fail whale – Stay N Alive

Twitter Suspending Accounts in Droves

twitter fail whaleTwitter seems to be on a roll lately. It would seem, either by bug, or some new policy just implemented, Twitter has just suspended hundreds to thousands of Twitter accounts with little to no reason. You can see all the action, semi-real-time here.

I just received a tip from a good friend, a very strong Twitter user and definitely not a spammer, who was one of those people suspended without cause. She stated she submitted a ticket to Twitter support and the ticket was immediately closed with no reason. Looking over Twitter search, she’s not the only one, and many very valid accounts are complaining of having their Twitter accounts suspended out of the blue. Reasons for suspension are often following people and unfollowing people frequently, following people too fast, blatent spammy behavior, among other things, but based on the users I know were suspended none of these activities were happening.

There is no word from Twitter on this matter – I’ll update the post when I hear more. You can watch the suspensions and the horror occur in real-time (thanks to FriendFeed, ironically) below:

UPDATE: Twitter has responded via their Status blog: “Earlier today, we accidentally suspended a number of accounts. We regret the human error that led to these mistaken suspensions and we are working to restore the affected accounts—we expect this to be completed in the next several hours.”

Other major accounts suspended: @marismith, @denisewakeman, @loubortone, @tweetlater, @deniseoberry, @radionational – if your account was affected please leave a comment!

Where is Twitter’s Emergency Response System?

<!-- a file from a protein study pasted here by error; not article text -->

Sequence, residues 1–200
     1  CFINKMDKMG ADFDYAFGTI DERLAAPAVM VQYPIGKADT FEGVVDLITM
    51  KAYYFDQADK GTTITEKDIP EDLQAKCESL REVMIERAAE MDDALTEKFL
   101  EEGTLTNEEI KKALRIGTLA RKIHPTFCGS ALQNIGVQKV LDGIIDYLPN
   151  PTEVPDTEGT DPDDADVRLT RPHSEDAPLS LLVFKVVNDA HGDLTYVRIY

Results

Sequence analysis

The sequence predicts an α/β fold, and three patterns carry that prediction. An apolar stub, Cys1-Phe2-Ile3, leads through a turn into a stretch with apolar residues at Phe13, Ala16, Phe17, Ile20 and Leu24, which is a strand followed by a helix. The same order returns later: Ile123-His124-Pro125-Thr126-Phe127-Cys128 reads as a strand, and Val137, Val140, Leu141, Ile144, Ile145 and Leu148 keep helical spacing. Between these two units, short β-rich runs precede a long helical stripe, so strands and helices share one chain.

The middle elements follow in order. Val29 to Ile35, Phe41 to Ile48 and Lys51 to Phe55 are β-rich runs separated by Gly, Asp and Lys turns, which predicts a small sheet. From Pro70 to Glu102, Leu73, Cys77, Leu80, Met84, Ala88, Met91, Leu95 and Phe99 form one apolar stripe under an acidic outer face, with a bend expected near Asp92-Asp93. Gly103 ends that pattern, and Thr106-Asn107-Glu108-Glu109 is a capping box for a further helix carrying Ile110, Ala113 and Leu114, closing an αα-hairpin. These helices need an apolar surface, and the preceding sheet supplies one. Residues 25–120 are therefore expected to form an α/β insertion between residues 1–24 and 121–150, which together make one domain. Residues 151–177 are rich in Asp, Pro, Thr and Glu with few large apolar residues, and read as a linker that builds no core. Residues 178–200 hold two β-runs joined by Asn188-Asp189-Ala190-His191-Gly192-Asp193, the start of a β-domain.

twitter fail whaleThe buzz has been swirling around the Twitter developer-sphere about a bug that has been going on for almost a full day now.  Louis Gray reported it first at around 12am MST last night, and the first post to the Twitter development mailing list went up at around 2am MST last night.  But Twitter is no where to be found, and it’s really starting to hurt some developers.  So much that the very popular TweetStats, by Damon Cortesi has completely had to shut down until the service is re-enabled.

The bug is surrounding the display of the source app via both the API and in the Web UI showing which application a Tweet has come from on Twitter.  Currently, according to TweetStats, 100% of the messages on Twitter are displaying they are coming from the Web.  Developers and bloggers are complaining but no one is being heard.

In fact, according to Twitter, both Evan Williams (founder of Twitter), and Alex Payne (Twitter’s API Lead) are both in Maui on unrelated trips (Alex’s is for vacation – it’s unclear why Ev is there), posting pictures of the frozen drinks they are having and talking about the massages they are getting.  Alex even stated he doesn’t have his laptop with him.  Of course I don’t expect him to be reading this, and I congratulate him for being able to have some very deserved time-off–but what do we do when the API goes down?

Twitter developers have asked repeatedly for a paid API service which they can be guaranteed more up-time and more API access, along with a higher tier of support.  Even Iain Dodsworth, the developer behind TweetDeck has mentioned in conversations on FriendFeed that, with unlimited API access, they would be able to deliver some of their “dream functionality”, and would “pay a lot” for such.  As the developer behind SocialToo, I firmly agree with his statement – it would be a cost-savings for me.  Regardless, there is still no good way to get Twitter support when their API goes down.  Developers need some sort of Emergency Response System, and I think Twitter should charge for this level of service.

tweetstats down

In times where developers’ apps go down many livelihoods are at stake.  Money is not being made, and with a very poor support system by Twitter as is, and no way to guarantee support during such circumstances, developers are putting a lot on the line writing for such a service.  Currently, the only means is via the Developer mailing list, and as we can see there is yet to be a response from Twitter via that means, and at least one entire application has been put out of business because of the issue.

Will there be a time we can see a prioritized service from Twitter that developers can pay for and guarantee service?  I think with today’s example this option has just become a lot more important.  The free service simply isn’t cutting it any more.

What do you think Twitter should do?

Developers Bailing on Twitter